Marine Money Athens 2012 – A twist in the tale

Shipfinance — By on November 1, 2012 at 11:42 PM

The Marine Money Greek conference was held in Athens on 17th October. With over 300 people in the audience, chatter and laughter at the coffee breaks and a wonderful closing party for 400 at a football stadium in the port of Piraeus, it was as if there was no crisis in shipping, let alone in Greece.

Several main themes engulfed the conference discussions. Firstly there is a belief that we are at or near the bottom. Different shipping sectors have different profiles but in general the feeling is that if we get through 2013 we should see light in 2014. This of course may come too late for some and the second main theme focused on restructuring, owners with high debt obligations and banks looking to exit or reduce exposure to shipping. There are likely to be casualties in 2013 and the whole industry of “restricting” will step up a gear. For many it will indeed be a race against time.

Another main theme also impacted the timing of the hoped for recovery. The whole issue of eco-ships and whether we will see a new flurry of ordering ships which will add to the supply burden. An interesting twist on this came early in the day when a panel of shipowners said “do not order” and “we do not need any more ships.” When the point was made from the floor, however, that ordering ships today is cheap, that new engine technologies, tested or not, will likely be fuel efficient and in demand from charterers in the years to come, and that attractive terms can be negotiated with desperate shipyards seeking new orders, those same shipowners admitted rather shyly that they were of course looking into the prospect of new investment in new ships. An interesting twist in the tale – others shouldn’t order any new vessels but it is OK for us to do so.

Interestingly, during a discussion about when we may see a balanced market and what might be the catalyst for that to happen, politics became a major issue. The election in the US in two weeks may determine the future of the US energy policy and effectively kill what was once one of the major routes for crude.

The quagmire in Europe has to be sorted out once and for all so that the continent regains direction and sends a message of growth going forward. And the forthcoming elections in China, where growth has now dropped below the sought after 8% p.a. level, are crucial in that there is a prospect of new stimulus programmes to boost the domestic economy. Of course politics has always been a factor in growth, therefore GDP and therefore shipping, but for it to be identified as the single greatest factor that can get shipping out of the hole that it is in over the next 12 – 18 months is indeed a new scenario.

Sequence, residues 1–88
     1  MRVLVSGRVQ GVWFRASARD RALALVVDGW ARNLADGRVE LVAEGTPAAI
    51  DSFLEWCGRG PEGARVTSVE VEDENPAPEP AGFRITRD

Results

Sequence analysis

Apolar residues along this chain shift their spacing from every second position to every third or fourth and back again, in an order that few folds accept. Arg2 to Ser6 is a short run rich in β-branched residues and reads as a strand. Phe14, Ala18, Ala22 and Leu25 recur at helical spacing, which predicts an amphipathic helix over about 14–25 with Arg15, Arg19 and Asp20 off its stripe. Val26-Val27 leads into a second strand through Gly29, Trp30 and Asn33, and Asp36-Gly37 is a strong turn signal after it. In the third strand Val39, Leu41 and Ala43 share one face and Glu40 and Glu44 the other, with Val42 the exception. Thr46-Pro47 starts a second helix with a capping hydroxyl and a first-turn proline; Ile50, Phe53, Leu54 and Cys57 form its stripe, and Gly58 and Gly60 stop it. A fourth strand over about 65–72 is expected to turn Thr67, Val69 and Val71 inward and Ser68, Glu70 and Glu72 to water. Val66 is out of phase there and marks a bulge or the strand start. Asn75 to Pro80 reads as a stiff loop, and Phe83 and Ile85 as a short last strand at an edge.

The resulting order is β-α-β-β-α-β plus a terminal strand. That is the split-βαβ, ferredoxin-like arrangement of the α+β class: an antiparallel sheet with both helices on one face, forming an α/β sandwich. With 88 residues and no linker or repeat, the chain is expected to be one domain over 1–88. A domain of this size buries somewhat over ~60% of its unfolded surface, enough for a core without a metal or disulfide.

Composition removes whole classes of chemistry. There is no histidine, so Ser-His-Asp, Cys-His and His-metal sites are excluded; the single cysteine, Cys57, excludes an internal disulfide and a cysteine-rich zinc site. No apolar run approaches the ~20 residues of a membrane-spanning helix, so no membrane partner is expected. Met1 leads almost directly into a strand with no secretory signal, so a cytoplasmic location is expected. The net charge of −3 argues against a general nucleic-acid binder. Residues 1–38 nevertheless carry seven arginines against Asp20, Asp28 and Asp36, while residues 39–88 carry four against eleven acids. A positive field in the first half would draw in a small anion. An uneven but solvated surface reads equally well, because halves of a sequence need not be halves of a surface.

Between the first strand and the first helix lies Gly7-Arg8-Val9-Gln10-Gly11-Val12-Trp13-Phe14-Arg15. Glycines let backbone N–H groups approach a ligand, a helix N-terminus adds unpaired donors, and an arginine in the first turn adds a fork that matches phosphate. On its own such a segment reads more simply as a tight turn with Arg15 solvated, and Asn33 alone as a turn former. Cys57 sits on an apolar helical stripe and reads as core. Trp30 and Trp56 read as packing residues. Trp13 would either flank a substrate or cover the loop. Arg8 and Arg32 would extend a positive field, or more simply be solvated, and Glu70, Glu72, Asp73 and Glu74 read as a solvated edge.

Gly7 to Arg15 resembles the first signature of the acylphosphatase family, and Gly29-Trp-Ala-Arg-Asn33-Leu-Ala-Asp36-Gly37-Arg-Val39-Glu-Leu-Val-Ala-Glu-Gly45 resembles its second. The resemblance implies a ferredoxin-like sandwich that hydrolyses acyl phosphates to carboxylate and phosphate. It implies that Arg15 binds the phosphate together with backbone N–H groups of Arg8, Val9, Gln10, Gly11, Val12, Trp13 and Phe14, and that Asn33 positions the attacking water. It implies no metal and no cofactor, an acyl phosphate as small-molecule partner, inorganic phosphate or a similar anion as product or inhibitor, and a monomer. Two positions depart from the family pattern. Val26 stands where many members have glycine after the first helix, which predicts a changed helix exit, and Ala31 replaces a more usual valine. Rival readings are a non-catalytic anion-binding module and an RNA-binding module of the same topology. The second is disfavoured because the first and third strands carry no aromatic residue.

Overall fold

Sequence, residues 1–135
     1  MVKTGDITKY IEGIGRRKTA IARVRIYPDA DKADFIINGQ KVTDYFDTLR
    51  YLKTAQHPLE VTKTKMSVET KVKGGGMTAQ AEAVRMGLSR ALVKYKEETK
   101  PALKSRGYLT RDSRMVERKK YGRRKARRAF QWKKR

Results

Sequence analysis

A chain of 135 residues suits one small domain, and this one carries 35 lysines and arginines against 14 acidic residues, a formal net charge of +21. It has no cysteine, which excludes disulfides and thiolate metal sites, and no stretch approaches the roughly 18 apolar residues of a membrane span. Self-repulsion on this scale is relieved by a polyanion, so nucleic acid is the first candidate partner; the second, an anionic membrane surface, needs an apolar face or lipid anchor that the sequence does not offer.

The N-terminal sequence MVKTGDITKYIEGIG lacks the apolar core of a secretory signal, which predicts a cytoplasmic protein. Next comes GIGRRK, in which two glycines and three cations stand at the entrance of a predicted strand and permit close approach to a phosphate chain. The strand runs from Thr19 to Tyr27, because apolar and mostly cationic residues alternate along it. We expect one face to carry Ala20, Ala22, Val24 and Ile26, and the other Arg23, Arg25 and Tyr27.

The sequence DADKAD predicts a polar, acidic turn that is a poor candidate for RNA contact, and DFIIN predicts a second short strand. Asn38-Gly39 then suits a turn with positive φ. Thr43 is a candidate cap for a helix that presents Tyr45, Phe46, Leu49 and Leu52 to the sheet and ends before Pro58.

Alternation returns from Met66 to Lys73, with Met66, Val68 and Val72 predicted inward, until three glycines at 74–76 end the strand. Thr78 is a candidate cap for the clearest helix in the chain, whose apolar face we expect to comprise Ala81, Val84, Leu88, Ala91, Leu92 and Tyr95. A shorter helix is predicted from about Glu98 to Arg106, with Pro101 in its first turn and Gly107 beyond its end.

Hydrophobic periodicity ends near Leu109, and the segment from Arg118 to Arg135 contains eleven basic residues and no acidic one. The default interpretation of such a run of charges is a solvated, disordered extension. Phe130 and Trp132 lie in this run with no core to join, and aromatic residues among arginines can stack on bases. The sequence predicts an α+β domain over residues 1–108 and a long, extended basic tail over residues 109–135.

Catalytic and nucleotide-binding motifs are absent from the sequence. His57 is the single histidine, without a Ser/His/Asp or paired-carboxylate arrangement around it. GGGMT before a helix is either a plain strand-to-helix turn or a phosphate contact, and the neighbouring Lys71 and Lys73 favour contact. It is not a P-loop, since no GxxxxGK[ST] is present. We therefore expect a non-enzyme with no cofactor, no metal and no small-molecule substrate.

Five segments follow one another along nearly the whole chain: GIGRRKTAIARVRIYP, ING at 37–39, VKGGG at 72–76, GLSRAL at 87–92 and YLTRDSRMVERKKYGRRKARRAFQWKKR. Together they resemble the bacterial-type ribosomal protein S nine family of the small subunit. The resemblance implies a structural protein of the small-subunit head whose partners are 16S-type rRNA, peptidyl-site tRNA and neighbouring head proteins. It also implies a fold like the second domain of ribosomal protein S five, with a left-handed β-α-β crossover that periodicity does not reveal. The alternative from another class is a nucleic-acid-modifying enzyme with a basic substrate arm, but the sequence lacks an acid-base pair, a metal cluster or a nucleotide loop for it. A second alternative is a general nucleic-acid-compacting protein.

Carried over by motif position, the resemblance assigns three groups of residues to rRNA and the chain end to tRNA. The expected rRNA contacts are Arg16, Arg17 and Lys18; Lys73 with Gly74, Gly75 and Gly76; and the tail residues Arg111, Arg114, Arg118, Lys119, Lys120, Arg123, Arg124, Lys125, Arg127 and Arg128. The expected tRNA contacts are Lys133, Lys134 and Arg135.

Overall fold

The conference discussed other issues also – finance is available for projects with the following four factors – core clients, corporate structures, projects with an energy / offshore connotation and good employment. If you are a new comer or fall short on any of the listed four, there is not much finance around.

Overall the mood was one of relief that we have made it so far and optimism that we are not too far from better days. Notwithstanding this there was the acceptance that 2013 will be an extremely difficult year for most sectors.

A word of warning was sounded also however. Yes, of course we want the market to rebound and high freight rates to return. But we do not necessarily want a rapid V shaped recovery which will encourage another round of heavy investment in new ships. Discipline is the key word, for individual owners who must cut costs, show caution and maintain relationships, and for the industry as a whole, if we are to see recovery in 2014 and beyond.

The Marine Money Greek Ship Finance conference 2012 was attended by many of Greece’s leading shipowners, the domestic and international banks lending to Greek shipping, and the shipping service providers who are still very active with what is still the biggest commercial fleet in the world.

The day after a general strike was on… and Athens virtually closed down. You can’t win them all!

 

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